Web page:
[Updated, 4/7/15, see below] I’ve been researching one of our local immunotherapy developers here in Seattle, trying to round up the views of industry experts regarding the future prospects of a drug at the front of its pipeline. Do they think it’s a good investment? Here’s what I found out:
Analysts predict that sales of its first drug will peak at $2 to $3 billion per year.
The company’s “strong data will give [it] the upper hand in any negotiations with potential pharmaceutical partners interested in the drug.”
Its share price jumped 27 percent on the day of its IPO.
Its drug has “proved to be highly effective in late-stage clinical trials.”
Sounds pretty darn promising! Where do I send my money?
There’s only one problem. The company I’m referring to is not high-flying Juno Therapeutics (NASDAQ: JUNO). It was Dendreon, which declared bankruptcy in November in the face of a crushing $660 million debt load and weak sales of its prostate cancer drug, sipuleucel-T (Provenge), the subject of the quotes above. The stock, which reached a high of $57.67 in 2010, traded down to 13 cents after Dendreon entered Chapter 11.
This was only a little over four years after the company received FDA approval for its first and only drug. Dendreon’s assets were sold off for $495 million a few weeks ago to Valeant Pharmaceuticals (NYSE: VRX). Although some forty organizations looked through Dendreon’s books, the dearth of bids suggests that most pharma companies thought it would be too difficult to bring sipuleucel-T to profitability. Dendreon’s workforce has shrunk to a small fraction of what it was only a few years ago. Shareholders are likely to be completely wiped out in the bankruptcy.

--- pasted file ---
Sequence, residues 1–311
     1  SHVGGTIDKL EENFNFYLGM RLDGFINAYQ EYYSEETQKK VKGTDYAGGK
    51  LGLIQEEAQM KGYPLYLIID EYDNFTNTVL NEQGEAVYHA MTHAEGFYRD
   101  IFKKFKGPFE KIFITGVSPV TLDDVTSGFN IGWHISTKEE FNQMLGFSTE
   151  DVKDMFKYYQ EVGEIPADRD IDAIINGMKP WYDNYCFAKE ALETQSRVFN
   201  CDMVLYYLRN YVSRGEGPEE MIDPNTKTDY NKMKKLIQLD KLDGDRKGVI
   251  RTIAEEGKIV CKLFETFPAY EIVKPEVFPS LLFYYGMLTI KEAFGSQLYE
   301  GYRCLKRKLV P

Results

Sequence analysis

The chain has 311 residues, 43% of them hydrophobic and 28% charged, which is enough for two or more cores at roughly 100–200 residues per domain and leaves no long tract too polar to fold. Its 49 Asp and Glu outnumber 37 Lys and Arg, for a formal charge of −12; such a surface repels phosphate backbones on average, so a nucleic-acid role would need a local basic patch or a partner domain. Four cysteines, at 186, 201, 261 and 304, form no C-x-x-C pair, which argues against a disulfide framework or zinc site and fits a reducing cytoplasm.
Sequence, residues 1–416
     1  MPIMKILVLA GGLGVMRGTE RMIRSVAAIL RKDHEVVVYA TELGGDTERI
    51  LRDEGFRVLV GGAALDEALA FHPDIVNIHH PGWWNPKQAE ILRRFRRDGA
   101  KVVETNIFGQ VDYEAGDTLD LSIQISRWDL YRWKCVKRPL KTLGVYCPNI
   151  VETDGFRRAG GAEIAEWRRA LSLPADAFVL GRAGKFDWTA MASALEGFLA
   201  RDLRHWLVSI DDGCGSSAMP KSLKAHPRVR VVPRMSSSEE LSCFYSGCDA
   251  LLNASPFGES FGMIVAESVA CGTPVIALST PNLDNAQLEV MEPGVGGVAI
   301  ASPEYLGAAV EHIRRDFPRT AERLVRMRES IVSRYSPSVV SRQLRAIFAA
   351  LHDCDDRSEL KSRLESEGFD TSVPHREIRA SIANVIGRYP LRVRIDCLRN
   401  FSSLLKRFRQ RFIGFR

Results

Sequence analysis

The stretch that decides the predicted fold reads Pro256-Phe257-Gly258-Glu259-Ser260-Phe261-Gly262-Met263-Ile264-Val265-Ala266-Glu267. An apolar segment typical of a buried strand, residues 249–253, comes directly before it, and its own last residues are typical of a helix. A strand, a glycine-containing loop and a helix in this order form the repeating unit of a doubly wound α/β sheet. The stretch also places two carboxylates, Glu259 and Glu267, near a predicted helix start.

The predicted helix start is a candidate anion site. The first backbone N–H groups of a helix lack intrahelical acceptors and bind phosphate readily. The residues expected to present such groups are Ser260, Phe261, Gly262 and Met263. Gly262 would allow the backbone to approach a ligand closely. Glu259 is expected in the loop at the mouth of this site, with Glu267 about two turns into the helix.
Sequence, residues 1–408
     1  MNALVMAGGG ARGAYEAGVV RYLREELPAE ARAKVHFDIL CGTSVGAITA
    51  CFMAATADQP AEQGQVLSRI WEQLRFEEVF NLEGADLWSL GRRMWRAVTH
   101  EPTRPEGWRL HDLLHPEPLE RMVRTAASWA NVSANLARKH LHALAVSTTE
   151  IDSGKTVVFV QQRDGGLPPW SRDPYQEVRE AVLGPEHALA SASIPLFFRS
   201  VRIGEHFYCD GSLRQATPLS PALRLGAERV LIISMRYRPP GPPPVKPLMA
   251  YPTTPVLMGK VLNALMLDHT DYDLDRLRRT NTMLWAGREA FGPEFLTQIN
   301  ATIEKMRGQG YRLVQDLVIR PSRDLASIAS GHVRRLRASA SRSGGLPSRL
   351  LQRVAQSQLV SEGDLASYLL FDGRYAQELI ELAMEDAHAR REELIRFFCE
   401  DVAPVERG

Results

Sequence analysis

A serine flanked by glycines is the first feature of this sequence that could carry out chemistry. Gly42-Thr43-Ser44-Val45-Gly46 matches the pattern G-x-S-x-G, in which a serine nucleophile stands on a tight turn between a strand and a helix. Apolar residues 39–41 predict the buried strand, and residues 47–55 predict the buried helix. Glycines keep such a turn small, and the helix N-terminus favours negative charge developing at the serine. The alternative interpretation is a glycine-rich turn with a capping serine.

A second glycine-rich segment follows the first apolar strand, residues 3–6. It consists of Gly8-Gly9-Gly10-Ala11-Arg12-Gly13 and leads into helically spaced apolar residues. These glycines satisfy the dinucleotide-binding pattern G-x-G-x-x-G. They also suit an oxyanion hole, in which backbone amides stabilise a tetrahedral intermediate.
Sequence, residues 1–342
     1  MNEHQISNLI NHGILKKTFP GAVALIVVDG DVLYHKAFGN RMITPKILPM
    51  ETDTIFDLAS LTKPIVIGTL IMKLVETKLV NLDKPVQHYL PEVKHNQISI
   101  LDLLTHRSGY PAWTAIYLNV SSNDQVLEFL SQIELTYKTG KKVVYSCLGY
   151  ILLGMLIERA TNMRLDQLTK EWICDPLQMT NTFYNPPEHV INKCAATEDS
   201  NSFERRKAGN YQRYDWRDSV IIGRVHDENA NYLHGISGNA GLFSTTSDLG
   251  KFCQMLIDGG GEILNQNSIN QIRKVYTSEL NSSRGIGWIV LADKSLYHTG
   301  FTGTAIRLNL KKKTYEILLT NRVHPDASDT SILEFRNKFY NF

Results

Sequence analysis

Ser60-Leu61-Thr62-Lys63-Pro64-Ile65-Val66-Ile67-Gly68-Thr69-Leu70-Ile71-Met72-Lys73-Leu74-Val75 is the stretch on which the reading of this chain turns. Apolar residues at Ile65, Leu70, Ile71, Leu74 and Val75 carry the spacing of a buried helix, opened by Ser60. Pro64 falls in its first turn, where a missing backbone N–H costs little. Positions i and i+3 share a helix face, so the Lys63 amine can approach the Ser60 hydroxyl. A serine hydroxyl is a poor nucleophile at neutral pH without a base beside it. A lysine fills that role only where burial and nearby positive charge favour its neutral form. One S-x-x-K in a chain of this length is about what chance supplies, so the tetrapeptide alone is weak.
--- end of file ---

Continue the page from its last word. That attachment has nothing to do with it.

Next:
The problems that Dendreon ran into have been widely recounted, but here’s a short summary:
Sipuleucel-T was considered by many to be only marginally effective, especially for the $93,000 the company was charging for it. Men treated with the drug lived only about four months longer than men in the control arm of Dendreon’s key clinical trial.
The novel nature of this treatment (made by isolating each patient’s white blood cells, incubating them in a lab with immune system stimulatory proteins, and then reinfusing them back into the patient) meant that significant money would need to be spent educating doctors on its use. It also meant that manufacturing costs for the drug would be extraordinarily high. It’s still not clear how much the company was able to do to reduce this expense since sipuleucel-T first came on the market in April 2010.
Two competing drugs (enzalutamide, sold as Xtandi; and abiraterone acetate, sold as Zytiga) came on the market two years after sipuleucel-T was approved. They were each about as effective as Dendreon’s drug and were cheaper and easier to administer (once-a-day pills instead of doctor office infusions).
Sipuleucel-T had a high “cost density” that required doctors prescribing it to lay out $93,000 to purchase this treatment for each patient, then (hopefully) get reimbursed by insurers.
Overall, the expense, marketing and reimbursement issues, limited benefit, and complicated manufacturing process greatly inhibited sipuleucel-T’s acceptance by doctors.
Dendreon proved to be a stock speculator’s dream, with market machinations and accusations that insiders profited from stock sales when they had known that sipuleucel-T sales would not meet the expectations that they had publicly laid out. Some business school is bound to do a full business case study on Dendreon, if it hasn’t been done already.
What about Juno?
I’m hopeful that Juno will succeed in a field where Dendreon ultimately failed for three reasons:
1) Patients will benefit greatly if its treatment is truly effective against cancer, and its T-cell based technology is very powerful. This is not a retooling of some older cancer therapy, but is a new approach that has significant clinical promise based on early data.